As they strolled in the park they spoke mainly in English. While Skripal could speak Spanish tolerably well, Bagnall had mastered it. His pseudonym, his style of dress and above all his easy manner combined to make him seem quite genuine.
There was something so open and guileless about this guy also. He had asked Sergei’s wife Liudmila and their kids to join them at a flamenco club for an afternoon’s entertainment. After he’d met Sergei’s family a couple of times, this mystery man had appeared with presents for little Yulia and Sasha. ‘The kids loved him,’ Skripal reflected.
Arriving from a trip to London, the businessman had given Sergei something. It was a small model of a typical English country cottage. It was the type of thing that you could pick up for a few pounds in a tourist shop, probably made in China for all he knew. But for reasons he couldn’t exactly define, Sergei rather liked the brightly painted resin miniature, with its creeping plants, sagging roof, and arched front door.
Richard could drink too – gin and tonics, glass after glass of Spanish wine, then brandy – and to a Russian that gave him a sort of authenticity. This behaviour really didn’t sit well with how Sergei expected the British or Americans to carry out a cultivation. Conventional wisdom in the GRU held that these Western intelligence officers would avoid a target’s family for a whole lot of reasons. Not least, if your kid tells someone about the curious foreigner who keeps bringing gifts and seems to be your dad’s new best friend, the Russian diplomatic compound is going to start taking an interest.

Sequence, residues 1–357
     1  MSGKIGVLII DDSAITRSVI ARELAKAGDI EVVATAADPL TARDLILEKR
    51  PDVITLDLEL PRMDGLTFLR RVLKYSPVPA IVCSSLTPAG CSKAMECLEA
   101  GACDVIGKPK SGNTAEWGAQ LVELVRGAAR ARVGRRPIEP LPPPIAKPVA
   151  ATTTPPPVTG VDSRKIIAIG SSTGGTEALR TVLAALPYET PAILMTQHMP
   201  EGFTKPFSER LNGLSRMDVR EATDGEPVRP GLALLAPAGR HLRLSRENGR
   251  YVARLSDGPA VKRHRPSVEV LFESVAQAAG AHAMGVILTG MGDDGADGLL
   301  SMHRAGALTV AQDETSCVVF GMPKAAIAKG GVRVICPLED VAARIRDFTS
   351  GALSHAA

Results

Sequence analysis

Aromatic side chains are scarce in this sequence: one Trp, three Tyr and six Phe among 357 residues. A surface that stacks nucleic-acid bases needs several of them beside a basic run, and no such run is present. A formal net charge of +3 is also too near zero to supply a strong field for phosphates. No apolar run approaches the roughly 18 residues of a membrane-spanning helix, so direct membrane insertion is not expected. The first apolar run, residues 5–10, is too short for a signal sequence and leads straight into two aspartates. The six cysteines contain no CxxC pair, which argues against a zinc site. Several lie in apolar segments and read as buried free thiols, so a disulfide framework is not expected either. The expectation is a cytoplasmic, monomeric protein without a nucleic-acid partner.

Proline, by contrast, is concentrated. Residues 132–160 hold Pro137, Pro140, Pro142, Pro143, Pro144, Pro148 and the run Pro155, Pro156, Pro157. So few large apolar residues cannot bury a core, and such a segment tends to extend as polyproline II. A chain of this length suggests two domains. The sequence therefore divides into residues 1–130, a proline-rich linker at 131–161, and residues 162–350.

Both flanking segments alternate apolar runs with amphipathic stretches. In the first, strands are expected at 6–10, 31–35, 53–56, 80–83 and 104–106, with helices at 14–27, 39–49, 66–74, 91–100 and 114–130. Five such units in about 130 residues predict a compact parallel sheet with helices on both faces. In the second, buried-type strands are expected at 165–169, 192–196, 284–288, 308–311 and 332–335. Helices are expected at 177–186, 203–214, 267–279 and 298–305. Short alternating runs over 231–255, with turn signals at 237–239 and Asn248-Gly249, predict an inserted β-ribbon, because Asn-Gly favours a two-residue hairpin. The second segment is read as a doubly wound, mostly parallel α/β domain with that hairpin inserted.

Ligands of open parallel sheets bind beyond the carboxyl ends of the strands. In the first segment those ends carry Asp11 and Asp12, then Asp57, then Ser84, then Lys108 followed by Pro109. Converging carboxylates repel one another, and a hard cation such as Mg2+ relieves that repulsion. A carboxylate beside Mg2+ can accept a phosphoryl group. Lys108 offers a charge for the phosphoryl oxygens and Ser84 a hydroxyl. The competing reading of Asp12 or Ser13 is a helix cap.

Of one thing, Sergei had become sure: if Richard was a spook, he wasn’t a Spanish one. There was no way, given the long history of rivalry over the ownership of the Rock, that a Spanish operative was going to be basing himself in Gibraltar. Might he be CIA? The GRU colonel knew something else in his bones too, that if his persistent suitor was a CIA man, then he wasn’t interested. He wasn’t willing to take the risks that would be involved in treason for America, if that’s what this angst-ridden young man was indeed building up to.
As Richard built to ‘the pitch’, that moment when a spy finally asks someone to betray their country, the nervous tension, the temperature rose even higher. So much training, thinking, and advice fixates on that moment. It is romanticized by espionage authors and deconstructed in role plays at the Fort, where the UK’s overseas espionage agency, the Secret Intelligence Service, or SIS, but more often called MI6, trains its new officers, and now he, Richard Bagnall, who’d only been in the service for a few years, was about to pitch a GRU colonel.
‘Sergei, I have a friend who would really value your information on what is really going on inside Russia. He works for the British government. Do you think you can provide that for us? You would be looked after, of course.’
OK, Sergei thought, we have got to the point now. This guy is indeed a British intelligence officer. Yes, he’d be happy to meet again. ‘I was ready,’ Skripal would say years later. But how had that happened? How had he gone from arch-patriot, paratrooper, and senior GRU officer to somebody who was prepared to sell it all out for MI6?
Copyright© 2018 by Mark Urban